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Lunch with Claudia Roden and her Recipe for Raisin & Sweet Wine Ice Cream

Claudia Roden in her garden

Claudia Roden has long been an inspiration for me. My first forays into Middle Eastern cuisine quickly led me to her door, and I devoured her books A Book of Middle Eastern Food  and Arabesque. I was obsessed with ful medames and was desperate to recreate it at home. When I became curious about Jewish cuisine I quickly purchased The Book of Jewish Food following which I discovered her other books (the full list on Amazon is here).  Discovering Claudia Roden felt like I had fallen down a culinary rabbit hole.

So when I spied her at the OFM Awards last November, I was overcome with shyness and couldn’t say hello. I also didn’t want to be annoying and invasive. Later in the evening, Claudia came over to say hello and to congratulate me on my award. I was delighted and borderline dumbstruck: how lovely of her!

The Food of Spain

I knew that Claudia had been working on a new book The Food of Spain for the past 5 years and that it would be out soon. It is always exciting to know that one of your favourite authors is working on a new book. Thrillingly then, recently I received an email asking if I would like to come over for lunch and to talk Spanish food.

Claudia Roden, making Spanish hot chocolate in her kitchen

So, on a beautiful sun scorched March afternoon, I found myself knocking on Claudia’s front door. Not long after I was sitting in the sun with a glass of thick glistening Spanish hot chocolate. Claudia shared stories of Spain, Spanish culture and food. All about the regional variations, all about Spanish food including the influences of the Roman, Visigoth, Muslim and Jewish populations over the centuries. Really fascinating and peppered with many charming anecdotes of the 5 years that she spent researching and travelling Spain, it was a wonderful afternoon.

Claudia Roden

There were tales of coca – a pizza style tart that appeared at around the same time as pizza did, and maybe influenced / inspired pizza itself. Nobody seems to know for sure. Naples was part of Spain at that time so it is possible. There were tales of fiestas in Seville and beautiful large bowls of tomato with eggs and tuna. There was a beautiful platter of fried aubergine with salt and honey. We sampled the dishes as we chatted about them and finished with raisin and sweet wine ice cream and walnut cake with brandy.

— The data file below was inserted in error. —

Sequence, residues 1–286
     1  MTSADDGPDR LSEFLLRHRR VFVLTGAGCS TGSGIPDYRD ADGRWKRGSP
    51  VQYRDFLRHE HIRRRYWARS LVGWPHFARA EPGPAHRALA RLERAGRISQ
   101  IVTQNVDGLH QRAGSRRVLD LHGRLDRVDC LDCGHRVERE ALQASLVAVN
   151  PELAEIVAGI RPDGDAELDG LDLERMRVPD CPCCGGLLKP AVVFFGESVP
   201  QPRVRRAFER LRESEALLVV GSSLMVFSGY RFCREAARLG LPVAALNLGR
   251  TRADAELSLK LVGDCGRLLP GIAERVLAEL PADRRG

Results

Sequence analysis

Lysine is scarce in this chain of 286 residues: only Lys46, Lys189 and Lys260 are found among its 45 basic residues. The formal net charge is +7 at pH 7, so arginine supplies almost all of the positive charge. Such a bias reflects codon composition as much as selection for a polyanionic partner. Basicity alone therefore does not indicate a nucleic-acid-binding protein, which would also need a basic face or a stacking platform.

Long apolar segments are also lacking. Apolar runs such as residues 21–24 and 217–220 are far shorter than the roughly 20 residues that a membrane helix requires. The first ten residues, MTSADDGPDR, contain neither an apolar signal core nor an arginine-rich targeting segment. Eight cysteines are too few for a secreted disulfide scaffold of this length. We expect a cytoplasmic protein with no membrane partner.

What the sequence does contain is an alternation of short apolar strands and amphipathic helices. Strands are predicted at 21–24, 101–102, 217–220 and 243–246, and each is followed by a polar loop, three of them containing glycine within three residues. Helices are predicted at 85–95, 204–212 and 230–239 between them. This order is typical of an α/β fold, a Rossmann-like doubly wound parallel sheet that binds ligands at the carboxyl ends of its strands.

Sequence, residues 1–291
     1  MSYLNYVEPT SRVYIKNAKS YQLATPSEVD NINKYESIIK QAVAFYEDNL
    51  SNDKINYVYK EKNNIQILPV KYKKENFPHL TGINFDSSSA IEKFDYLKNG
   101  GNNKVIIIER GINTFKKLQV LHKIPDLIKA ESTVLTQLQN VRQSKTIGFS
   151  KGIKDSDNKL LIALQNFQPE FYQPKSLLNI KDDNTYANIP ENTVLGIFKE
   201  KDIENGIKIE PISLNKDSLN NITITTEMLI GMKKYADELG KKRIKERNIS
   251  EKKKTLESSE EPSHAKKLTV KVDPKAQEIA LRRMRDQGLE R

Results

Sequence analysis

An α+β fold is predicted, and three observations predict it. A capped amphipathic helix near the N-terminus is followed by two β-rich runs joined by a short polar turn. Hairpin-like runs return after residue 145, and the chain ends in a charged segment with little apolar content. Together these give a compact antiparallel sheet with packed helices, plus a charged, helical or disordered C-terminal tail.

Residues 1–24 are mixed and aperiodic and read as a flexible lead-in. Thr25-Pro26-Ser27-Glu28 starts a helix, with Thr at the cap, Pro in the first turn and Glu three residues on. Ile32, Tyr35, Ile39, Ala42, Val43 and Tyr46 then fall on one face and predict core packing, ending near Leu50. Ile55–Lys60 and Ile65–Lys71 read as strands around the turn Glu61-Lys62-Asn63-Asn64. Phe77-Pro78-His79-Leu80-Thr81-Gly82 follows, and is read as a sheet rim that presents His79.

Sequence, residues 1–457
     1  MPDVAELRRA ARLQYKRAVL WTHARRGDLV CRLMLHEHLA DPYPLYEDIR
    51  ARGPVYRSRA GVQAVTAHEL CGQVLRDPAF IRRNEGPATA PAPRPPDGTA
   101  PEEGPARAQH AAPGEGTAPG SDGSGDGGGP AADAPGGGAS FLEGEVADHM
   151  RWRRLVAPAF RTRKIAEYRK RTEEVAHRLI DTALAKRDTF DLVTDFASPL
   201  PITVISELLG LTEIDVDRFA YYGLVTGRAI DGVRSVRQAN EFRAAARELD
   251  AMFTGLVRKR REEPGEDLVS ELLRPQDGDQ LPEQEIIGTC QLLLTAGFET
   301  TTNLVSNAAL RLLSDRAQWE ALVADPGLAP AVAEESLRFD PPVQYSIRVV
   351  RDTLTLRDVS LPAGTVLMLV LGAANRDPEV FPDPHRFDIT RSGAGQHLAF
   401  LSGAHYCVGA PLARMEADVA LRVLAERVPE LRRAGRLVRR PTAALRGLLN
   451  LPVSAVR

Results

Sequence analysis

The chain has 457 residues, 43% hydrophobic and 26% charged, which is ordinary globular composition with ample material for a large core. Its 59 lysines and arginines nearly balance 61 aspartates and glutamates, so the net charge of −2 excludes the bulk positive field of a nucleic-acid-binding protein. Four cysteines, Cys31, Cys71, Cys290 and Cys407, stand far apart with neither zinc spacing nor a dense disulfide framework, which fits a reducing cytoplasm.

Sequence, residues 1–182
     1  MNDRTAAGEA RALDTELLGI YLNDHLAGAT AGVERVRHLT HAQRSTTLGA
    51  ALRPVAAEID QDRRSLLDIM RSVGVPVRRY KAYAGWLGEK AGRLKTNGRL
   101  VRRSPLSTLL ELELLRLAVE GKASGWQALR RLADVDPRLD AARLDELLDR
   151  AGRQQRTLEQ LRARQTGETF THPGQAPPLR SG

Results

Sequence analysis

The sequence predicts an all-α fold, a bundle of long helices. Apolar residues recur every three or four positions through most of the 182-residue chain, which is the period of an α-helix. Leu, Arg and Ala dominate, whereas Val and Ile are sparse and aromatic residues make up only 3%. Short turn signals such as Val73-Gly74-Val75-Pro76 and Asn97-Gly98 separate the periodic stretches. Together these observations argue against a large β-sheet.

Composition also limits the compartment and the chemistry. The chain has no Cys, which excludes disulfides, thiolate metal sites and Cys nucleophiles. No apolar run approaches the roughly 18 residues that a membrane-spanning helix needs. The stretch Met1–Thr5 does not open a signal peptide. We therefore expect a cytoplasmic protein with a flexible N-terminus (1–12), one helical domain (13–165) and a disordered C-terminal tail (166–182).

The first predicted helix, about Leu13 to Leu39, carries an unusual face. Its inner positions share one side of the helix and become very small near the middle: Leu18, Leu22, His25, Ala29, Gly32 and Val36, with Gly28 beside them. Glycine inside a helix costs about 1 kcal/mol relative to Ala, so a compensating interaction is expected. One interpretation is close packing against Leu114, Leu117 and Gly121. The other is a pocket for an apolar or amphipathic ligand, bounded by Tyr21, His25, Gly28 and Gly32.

Spanish lunch

Claudia’s book The Food of Spain is as informative and charming as I expected it to be. I am still over the moon that I got a chance to sit down with her and chat about it, while eating some of the food too.

Walnut & Brandy Cake

I will leave you with Claudia’s recipe for Raisin & Sweet Wine Ice Cream. She made it like a large round cake and served it in slices. I recommend you do the same as it is a bit of a show stopper. For ice cream, it is a fabulously straight forward recipe that does not need an ice cream machine or regular beating by hand.

Raisin & Sweet Wine Ice Cream

Recipe: Raisin & Sweet Wine Ice Cream
Helado de pasa y vino dulce

Serves 10 or more


100g raisins
100ml sweet Pedro Ximinez sherry plus more to pass around (love that!)
700ml double cream
300 ml whole milk
1 small cinnamon stick
1 tsp pure vanilla extract
8 large egg yolks
100g caster sugar


Put the raisins in a small bowl and pour over the sherry. Leave to soak for an hour or longer.

Heat the cream and milk in a large saucepan with the cinnamon stick and vanilla extract until almost boiling. Remove from the heat and leave fir half an hour to infuse before removing the cinnamon stick and reheating.

In a large bowl, beat the egg yolks with the sugar to a pale thick cream with an electric mixer. Add a ladleful of the hot milk and beat well, then pour this egg and sugar cream into the saucepan, off the heat, beating vigorously to mix well. Now return the pan to a low heat and stir constantly with a wooden spoon or heatproof spatula until the mixture thickens. Do not let it boil or it will curdle (if it does, you can save it by beating it thoroughly with the electric mixer until smooth).

Pour the custard into a serving bowl and let it cool, then cover it with cling film and put it into the freezer. After about 3 – 3.5 hours, when it has firmed enough but is not yet hard, take it out of the freezer and thoroughly mix in the raisins together with their sherry. You must do this before the ice cream becomes too hard to mix but when it is firm enough so that raisins remain suspended evenly and do not sink to the bottom. If you do not mix thoroughly there will be little white lumps in the ice cream, but that too is lovely. Return to the freezer and freeze for at least 6 hours or overnight.